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Fremont amending wind law  

Credit:  By Jason Jordan | The Evening Tribune | Jun 15, 2017 | www.eveningtribune.com ~~

FREMONT – The winds of change blew in Fremont on Tuesday, as the town board voted on five proposals regarding wind generation within their jurisdiction.

The five proposals included: Raising the maximum height of turbines to 500 feet, removing decibel requirement from properties that signed leases with the wind company; expanding work hours on the project to 6 a.m. to 9 p.m.; changing setbacks from property lines from 1.5 times the height of a turbine to 1.1 times the height; and subtracting salvage value from decommissioning costs.

The proposals came as a suggestion of EverPower, a company seeking to locate 43 turbines inside the 21 square mile town in the near future.

The resolutions were delivered as a single package, but board member Michael Whitman suggested that the proposals be severed into five motions to be separately scrutinized.

The laws being amended were first passed in 2008.

After some confusion following a Zoning Board of Appeals meeting, Chairman Ron Faulkner told board members that he consulted with Town Supervisors in Howard and Cohocton who had been through the process before.

In Howard, he was advised that the process between board approval, and actually generating energy took more than seven years, from 2004 to 2011 when turbines were finally installed.

“2012 was the first year they were operational,” he said.

However, the Howard Wind Farm was installed during a time before Article 10, a state law requiring more stringent permitting was signed into law – Making the prospective timeline an apples-to-oranges comparison, according to Faulkner.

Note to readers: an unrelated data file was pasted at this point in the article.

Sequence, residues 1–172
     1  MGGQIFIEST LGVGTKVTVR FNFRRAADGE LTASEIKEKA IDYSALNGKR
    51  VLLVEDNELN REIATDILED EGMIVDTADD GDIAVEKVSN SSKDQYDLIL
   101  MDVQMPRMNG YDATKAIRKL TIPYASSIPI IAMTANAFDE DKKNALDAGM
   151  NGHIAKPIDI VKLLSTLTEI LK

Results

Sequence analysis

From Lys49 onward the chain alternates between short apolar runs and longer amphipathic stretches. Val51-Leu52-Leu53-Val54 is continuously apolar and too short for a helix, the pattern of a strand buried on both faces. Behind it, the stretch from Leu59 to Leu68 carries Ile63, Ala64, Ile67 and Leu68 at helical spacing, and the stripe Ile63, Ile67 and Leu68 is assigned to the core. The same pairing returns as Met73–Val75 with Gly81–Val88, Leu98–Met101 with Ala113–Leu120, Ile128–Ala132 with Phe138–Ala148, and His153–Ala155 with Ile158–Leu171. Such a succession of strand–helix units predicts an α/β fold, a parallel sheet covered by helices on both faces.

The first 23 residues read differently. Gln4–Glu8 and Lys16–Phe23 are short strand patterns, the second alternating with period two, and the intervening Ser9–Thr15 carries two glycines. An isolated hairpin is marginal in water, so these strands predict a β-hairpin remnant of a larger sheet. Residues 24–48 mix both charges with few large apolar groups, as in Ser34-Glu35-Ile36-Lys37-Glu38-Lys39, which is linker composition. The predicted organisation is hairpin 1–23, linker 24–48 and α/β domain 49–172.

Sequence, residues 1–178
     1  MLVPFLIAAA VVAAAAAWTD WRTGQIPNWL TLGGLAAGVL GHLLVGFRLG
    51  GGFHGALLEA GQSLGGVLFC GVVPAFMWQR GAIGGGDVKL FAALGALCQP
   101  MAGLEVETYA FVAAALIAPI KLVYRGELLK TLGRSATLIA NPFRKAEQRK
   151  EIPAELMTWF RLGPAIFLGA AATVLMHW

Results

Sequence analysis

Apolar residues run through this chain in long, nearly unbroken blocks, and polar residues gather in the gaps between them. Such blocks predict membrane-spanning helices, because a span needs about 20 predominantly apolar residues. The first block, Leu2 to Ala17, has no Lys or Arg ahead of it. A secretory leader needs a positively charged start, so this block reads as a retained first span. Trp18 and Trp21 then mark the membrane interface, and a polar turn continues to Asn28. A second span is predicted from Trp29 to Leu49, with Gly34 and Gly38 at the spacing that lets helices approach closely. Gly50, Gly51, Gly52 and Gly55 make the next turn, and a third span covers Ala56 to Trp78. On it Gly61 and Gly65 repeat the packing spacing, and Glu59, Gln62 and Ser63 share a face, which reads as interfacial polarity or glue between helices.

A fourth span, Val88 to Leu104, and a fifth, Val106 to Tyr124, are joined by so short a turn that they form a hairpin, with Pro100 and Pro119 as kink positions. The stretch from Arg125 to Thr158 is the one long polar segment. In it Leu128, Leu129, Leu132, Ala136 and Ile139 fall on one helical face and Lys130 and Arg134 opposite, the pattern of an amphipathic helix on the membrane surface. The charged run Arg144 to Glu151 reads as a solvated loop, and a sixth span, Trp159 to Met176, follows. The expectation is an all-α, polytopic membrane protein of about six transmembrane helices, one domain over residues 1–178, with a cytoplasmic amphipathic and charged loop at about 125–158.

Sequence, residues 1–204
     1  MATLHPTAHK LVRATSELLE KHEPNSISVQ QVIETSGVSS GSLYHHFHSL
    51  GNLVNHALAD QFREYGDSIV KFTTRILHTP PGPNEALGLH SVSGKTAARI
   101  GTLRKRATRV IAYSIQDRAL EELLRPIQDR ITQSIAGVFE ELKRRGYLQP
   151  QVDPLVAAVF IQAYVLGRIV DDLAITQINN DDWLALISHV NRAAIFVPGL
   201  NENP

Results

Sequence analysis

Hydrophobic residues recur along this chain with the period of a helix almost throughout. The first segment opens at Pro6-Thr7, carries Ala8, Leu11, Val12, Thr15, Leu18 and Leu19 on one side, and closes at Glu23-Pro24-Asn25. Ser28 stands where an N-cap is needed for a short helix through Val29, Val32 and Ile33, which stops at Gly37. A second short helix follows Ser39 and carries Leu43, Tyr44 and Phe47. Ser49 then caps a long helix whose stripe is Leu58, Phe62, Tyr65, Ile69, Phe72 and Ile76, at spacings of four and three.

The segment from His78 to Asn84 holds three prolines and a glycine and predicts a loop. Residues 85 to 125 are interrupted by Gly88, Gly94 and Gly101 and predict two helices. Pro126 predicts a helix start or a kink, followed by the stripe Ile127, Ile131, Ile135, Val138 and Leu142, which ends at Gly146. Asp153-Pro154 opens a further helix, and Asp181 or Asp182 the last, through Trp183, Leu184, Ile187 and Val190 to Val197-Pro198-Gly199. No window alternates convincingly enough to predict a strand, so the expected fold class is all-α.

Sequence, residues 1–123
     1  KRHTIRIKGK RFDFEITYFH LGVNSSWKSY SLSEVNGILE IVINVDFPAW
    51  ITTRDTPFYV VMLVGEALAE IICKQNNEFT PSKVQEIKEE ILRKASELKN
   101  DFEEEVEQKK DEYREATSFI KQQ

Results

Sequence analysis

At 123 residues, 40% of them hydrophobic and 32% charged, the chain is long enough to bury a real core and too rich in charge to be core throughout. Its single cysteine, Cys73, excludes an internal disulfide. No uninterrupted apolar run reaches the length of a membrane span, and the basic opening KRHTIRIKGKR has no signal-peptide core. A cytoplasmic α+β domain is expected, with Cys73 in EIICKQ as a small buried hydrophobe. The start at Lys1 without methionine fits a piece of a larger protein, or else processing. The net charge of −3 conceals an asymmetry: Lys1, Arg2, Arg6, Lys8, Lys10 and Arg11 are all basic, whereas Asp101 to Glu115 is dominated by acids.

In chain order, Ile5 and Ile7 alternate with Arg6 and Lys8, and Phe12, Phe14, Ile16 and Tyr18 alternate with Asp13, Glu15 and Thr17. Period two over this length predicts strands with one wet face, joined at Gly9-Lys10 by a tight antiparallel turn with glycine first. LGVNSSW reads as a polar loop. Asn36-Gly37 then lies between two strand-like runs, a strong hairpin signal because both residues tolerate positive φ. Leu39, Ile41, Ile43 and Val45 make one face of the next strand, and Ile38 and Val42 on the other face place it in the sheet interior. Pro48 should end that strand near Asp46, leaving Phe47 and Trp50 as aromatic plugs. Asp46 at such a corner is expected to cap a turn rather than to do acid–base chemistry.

He was further advised by the tax collector that they were able to reduce taxes by 23 percent immediately, and that property values were largely unaffected by the presence of generators.

“That may help keep people’s fears at bay to some extent.”

However, going ahead with projects does little to change hearts and minds, according to Faulkner’s research.

“People who were not in favor of these electrical generators being installed before, still don’t like them,” he said.

“I’d like to see the setback stay the same and the bonding requirement stay the same, The working hours and the height make no difference.” Frank Owens said, opening debate.

Wightman seconded his feelings.

Board member Bud Phelps wished to see a wholesale change of the rules that EverPower favored.

“I think we ought to go along with all these other towns that have the setback and height and noise level, and been the same rather than being the oddball of all the towns around,” he said. “We are all benefiting from this tremendously. We may not see it right off, quick like, but there will be a reduction in taxes, maybe a new town hall, and the fire company would benefit.”

The maximum height was raised unanimously; the board chose to exempt lease signees from the decibel limit in a unanimous vote; work hours for the wind farm were expanded to 6 a.m. to 9 p.m. by a unanimous vote; but the board favored keeping setback rules the same for all properties public and private, at 1.5 times the height of the structure.

The failure to change some of the measures did not seem to be a deal-breaker for representatives of the company who were present at the meeting. However, engineering reports will determine whether the project will be limited as a result.

Source:  By Jason Jordan | The Evening Tribune | Jun 15, 2017 | www.eveningtribune.com

This article is the work of the source indicated. Any opinions expressed in it are not necessarily those of National Wind Watch.

The copyright of this article resides with the author or publisher indicated. As part of its noncommercial effort to present the environmental, social, scientific, and economic issues of large-scale wind power development to a global audience seeking such information, National Wind Watch endeavors to observe “fair use” as provided for in section 107 of U.S. Copyright Law and similar “fair dealing” provisions of the copyright laws of other nations. Send requests to excerpt, general inquiries, and comments via e-mail.

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